How to Add a Wall in Your Basement How to Add a Wall in Your Basement
To make the best use of your basement, you may have to add wall partitions to divide the space up. Building a new internal wall in the basement often means building around obstructions on the ceiling, so it's important to be take your measurements very carefully. It's quite a simple task to undertake on your own if you follow these instructions.
Step 1 - Prepare Perimeter Walls
Before you build an internal wall, make sure that the perimeter walls have been dry-walled or at least sealed against water. Doing so will protect the new wall from mold and mildew. If you are going to use the new room as an extra living space, it is also recommended that you insulate the walls to make it more energy efficient.
Step 2 - Install Plates
Although you can add a new wall to a house by framing it and raising it into position, the irregularity of a typical basement makes it more efficient to use the stick build method. In this method, the wall is built in place.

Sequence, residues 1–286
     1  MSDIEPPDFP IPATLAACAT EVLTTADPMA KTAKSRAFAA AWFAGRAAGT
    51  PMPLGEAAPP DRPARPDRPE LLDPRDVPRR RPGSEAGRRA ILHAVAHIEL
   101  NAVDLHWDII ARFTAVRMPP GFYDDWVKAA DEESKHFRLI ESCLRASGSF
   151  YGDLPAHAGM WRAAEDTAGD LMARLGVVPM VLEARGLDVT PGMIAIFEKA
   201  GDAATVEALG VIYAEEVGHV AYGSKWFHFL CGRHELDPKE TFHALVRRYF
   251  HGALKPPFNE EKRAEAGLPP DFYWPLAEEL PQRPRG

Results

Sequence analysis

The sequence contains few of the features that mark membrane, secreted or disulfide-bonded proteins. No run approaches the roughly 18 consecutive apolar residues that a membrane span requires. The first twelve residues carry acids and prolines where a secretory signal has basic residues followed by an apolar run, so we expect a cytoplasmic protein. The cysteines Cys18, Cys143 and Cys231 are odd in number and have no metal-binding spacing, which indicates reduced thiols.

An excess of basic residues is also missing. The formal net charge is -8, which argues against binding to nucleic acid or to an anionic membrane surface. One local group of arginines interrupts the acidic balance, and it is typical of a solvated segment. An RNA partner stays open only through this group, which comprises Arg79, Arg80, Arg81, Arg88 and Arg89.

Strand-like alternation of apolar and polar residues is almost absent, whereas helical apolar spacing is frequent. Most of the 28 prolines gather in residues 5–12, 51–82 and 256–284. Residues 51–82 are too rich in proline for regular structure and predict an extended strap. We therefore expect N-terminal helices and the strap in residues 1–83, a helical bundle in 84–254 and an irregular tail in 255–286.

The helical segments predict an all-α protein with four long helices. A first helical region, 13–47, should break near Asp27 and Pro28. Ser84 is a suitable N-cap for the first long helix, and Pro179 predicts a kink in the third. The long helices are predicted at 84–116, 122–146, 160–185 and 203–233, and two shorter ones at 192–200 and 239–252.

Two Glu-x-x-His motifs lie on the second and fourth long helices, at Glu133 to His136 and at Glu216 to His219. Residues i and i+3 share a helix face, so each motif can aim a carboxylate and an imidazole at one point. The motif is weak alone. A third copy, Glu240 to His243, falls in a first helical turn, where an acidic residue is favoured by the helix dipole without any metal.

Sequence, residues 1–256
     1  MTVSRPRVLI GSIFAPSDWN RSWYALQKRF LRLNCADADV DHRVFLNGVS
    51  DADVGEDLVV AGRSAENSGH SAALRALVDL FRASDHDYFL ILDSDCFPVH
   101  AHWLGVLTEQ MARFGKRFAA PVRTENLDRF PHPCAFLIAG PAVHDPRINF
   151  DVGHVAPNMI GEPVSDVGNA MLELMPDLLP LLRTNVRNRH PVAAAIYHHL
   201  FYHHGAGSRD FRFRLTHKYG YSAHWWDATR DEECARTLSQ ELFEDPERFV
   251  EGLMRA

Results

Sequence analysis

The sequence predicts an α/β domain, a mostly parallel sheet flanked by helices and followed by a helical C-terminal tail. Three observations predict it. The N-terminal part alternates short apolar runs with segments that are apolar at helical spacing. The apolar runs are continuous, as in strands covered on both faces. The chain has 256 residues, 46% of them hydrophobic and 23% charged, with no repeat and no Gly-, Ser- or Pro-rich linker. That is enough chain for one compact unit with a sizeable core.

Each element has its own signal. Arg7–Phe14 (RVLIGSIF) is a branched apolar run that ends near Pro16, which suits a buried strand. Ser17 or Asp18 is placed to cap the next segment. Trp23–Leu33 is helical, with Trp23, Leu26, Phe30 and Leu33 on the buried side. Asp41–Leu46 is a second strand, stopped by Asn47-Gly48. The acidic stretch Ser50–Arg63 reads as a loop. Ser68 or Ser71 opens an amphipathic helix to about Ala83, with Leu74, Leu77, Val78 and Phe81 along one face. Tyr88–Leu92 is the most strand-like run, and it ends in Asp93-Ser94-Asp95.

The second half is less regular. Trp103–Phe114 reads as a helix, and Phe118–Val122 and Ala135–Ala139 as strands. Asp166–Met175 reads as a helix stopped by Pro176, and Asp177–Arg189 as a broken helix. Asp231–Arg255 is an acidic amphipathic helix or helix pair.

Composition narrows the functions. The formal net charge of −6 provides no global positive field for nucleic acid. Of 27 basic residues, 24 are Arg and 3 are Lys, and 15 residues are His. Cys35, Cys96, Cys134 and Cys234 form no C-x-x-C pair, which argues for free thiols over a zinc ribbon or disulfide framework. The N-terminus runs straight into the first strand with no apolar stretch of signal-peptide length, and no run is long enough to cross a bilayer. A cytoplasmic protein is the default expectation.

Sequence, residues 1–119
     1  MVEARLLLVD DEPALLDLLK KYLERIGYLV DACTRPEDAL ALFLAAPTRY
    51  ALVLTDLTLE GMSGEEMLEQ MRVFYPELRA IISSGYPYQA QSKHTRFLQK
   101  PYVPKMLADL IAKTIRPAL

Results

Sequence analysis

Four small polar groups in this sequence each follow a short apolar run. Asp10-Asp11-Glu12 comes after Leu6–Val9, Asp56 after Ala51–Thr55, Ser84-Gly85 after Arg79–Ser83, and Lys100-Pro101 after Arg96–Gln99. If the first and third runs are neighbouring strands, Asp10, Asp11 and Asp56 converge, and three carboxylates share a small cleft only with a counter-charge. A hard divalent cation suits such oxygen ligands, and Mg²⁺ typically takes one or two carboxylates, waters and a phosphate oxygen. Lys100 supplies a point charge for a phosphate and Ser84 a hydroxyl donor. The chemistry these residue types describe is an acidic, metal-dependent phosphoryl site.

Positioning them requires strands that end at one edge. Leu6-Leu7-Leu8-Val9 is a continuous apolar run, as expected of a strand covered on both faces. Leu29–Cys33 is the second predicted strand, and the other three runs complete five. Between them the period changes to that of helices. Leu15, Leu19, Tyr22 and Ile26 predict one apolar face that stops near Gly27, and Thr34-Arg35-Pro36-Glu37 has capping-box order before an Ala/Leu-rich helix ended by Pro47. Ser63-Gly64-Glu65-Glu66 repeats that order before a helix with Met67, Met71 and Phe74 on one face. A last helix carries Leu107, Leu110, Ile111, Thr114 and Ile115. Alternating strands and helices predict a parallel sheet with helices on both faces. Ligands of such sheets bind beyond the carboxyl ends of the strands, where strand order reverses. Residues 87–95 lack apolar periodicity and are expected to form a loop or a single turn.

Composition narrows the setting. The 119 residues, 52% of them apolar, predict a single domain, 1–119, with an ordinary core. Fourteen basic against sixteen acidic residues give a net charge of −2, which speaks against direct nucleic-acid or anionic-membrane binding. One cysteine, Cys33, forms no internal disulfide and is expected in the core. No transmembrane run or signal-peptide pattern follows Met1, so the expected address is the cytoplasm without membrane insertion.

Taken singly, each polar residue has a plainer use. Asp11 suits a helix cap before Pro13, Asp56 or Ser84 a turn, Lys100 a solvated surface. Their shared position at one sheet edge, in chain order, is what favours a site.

Position a top plate of 2x4-inch wood the length of your intended wall perpendicular to the floor joists of the room above. Install a parallel piece of 2x4-inch lumber on the concrete floor and hold it in place with adhesive and concrete nails. Use string to form a plumb line and ensure that the bottom plate is perfectly lined-up with the top one.
Use pressure treated lumber for the bottom plate, as it isn't uncommon for it to soak moisture from the concrete over time, causing untreated wood to expand.
Step 3 - Install Studs
Attach a piece of 2x4-inch lumber as a wall stud every 16-inches along the new wall from floor to ceiling. Measure the required size for each stud as many basement floors are uneven and the distance to the ceiling may vary.
Step 4 - Install Electrical Points
Once the stud work is complete, install any electrical or light sockets required. You may to hire a professional electrician to complete this work if you are not experienced.
If you do complete the work yourself, make sure that you turn off the main supply while working to prevent injury. Normal building codes call for an electrical socket every 4-feet along the wall.
Step 5 - Add Drywall
Attach a moisture-resistant drywall product to the stud work. Cover the points where the drywall sheets meet in joint tape and smooth the walls by applying sheetrock mud. Let the mud dry thoroughly before sanding it lightly and applying a second layer. Once the second layer of sheetrock mud is dry, sand it, then apply a coat of primer before painting the wall.